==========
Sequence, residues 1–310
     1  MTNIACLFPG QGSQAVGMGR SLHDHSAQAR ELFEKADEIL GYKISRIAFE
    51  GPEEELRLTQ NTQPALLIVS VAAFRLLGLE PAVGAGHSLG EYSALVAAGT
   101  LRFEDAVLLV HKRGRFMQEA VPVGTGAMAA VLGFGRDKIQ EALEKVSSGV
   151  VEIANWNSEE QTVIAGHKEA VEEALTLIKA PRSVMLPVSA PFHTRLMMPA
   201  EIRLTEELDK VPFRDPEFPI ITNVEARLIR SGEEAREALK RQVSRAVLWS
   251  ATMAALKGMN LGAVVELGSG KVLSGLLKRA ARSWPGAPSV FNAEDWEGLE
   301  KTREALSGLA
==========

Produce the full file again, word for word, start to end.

Sequence, residues 1–310
     1  MTNIACLFPG QGSQAVGMGR SLHDHSAQAR ELFEKADEIL GYKISRIAFE
    51  GPEEELRLTQ NTQPALLIVS VAAFRLLGLE PAVGAGHSLG EYSALVAAGT
   101  LRFEDAVLLV HKRGRFMQEA VPVGTGAMAA VLGFGRDKIQ EALEKVSSGV
   151  VEIANWNSEE QTVIAGHKEA VEEALTLIKA PRSVMLPVSA PFHTRLMMPA
   201  EIRLTEELDK VPFRDPEFPI ITNVEARLIR SGEEAREALK RQVSRAVLWS
   251  ATMAALKGMN LGAVVELGSG KVLSGLLKRA ARSWPGAPSV FNAEDWEGLE
   301  KTREALSGLA